How To Photograph Your Artwork

There are so many opportunities to exhibit your own artwork on line and it is vitally important that you present your work in the best way possible. I have seen numerous poorly photographed paintings on the web and these pieces generate much less interest than work which has been photographed correctly. This video, produced by Sachi, clearly describes some of the key points to note when photographing your artwork.

You are given advice on how to position your work, how to adjust the lighting to suit and how to use the camera to best effect. The video explans many of the issues that commonly occur whilst photographing your work and demonstrates how incorrect settings on your camera or with the lighting can adversely affect the quality of your image. The presenter then goes on to provide a short introduction to the image adjusting tools generally availble on your PC and shows how to crop and adjust your image to provide the perfect upload. This is a very clear professionally produced video and well worth the time taken to view.

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    1. Hi Tyler, greetings from Iceland! This video is so awesome. I have been so ashamed to show photo’s of my paintings as the photography is so bad. I look forward to using the tips you gave here. I have just launched a global art project called Project 12, and will put this video in the instructions to help our members send in great photo’s of their work. We are asking people to make art or photos each month in the year 2012. Please see: 2012project 12 dot com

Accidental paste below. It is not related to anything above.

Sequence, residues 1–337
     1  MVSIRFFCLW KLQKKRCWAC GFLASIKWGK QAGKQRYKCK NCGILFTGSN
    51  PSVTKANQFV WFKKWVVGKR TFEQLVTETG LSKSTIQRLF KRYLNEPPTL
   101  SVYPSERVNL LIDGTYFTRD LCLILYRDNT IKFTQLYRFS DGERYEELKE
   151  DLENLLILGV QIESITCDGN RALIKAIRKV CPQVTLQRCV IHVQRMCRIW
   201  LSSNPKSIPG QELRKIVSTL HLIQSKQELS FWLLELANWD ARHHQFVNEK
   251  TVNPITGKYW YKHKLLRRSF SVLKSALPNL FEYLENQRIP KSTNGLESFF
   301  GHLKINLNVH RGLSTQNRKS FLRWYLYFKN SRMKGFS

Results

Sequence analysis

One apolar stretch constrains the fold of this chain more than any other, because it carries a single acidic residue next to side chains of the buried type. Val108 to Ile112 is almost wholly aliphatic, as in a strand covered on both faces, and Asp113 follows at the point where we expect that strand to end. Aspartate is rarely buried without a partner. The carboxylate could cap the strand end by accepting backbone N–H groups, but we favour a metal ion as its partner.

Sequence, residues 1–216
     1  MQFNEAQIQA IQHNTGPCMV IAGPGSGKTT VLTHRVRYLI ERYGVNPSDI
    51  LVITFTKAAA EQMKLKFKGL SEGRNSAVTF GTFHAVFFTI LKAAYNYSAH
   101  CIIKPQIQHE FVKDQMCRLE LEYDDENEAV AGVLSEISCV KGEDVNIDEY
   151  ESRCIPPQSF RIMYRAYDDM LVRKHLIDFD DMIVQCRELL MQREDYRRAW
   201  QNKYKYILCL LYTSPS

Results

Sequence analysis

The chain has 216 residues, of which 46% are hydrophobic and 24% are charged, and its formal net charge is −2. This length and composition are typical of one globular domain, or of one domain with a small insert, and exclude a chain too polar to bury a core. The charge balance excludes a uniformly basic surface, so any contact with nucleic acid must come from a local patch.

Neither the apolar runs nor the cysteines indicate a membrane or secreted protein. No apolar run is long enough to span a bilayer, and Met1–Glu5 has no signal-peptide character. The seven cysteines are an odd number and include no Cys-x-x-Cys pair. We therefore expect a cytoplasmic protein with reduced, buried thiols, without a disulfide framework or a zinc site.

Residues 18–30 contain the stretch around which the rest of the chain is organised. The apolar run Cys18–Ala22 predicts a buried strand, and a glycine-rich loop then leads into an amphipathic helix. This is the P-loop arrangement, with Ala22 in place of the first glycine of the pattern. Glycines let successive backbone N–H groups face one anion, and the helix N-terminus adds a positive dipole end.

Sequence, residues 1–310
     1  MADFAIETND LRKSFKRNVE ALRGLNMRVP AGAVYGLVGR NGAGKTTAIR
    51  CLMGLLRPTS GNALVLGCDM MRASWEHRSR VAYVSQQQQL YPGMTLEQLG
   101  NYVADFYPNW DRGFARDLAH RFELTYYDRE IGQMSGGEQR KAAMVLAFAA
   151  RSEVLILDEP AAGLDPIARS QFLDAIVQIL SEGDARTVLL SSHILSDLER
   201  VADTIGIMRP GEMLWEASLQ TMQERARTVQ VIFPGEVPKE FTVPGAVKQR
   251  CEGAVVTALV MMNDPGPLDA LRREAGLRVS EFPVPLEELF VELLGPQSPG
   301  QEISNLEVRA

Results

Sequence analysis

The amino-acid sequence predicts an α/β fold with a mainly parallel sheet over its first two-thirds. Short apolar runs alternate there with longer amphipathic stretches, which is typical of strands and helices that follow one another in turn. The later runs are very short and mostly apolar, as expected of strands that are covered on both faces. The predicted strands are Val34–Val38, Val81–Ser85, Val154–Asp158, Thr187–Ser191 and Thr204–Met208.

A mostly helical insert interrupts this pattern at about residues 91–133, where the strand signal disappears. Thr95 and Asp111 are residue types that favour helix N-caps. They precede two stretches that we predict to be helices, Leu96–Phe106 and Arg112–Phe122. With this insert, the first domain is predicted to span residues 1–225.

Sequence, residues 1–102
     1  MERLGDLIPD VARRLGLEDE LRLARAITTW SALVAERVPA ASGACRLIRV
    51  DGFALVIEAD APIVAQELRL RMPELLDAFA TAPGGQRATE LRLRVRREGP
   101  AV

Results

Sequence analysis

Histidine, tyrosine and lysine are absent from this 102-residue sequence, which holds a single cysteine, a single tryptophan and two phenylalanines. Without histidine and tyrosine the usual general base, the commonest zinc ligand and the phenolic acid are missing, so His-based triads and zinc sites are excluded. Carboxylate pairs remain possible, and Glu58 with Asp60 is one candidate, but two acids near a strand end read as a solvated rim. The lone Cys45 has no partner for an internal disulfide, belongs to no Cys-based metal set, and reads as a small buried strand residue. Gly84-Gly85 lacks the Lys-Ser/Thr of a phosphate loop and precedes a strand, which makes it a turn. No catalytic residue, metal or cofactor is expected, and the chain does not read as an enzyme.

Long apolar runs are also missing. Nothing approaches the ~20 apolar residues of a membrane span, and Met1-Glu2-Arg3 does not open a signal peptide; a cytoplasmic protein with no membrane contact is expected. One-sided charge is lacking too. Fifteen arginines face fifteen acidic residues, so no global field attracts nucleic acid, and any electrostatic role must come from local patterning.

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    2. depends how big the flat object is. If it is a large canvas, for example, and the camera focuses in the centre, then the distance to the top or side edge will be further than the distance to the centre, so by increasing the depth of field will increase the sharpness towards the edge.The middle range of the fstop will usually be sharper than having the lens wide open, say f 2.8, or fully closed, say f22, and because of this, is often referred to as the sweet spot of the lens.

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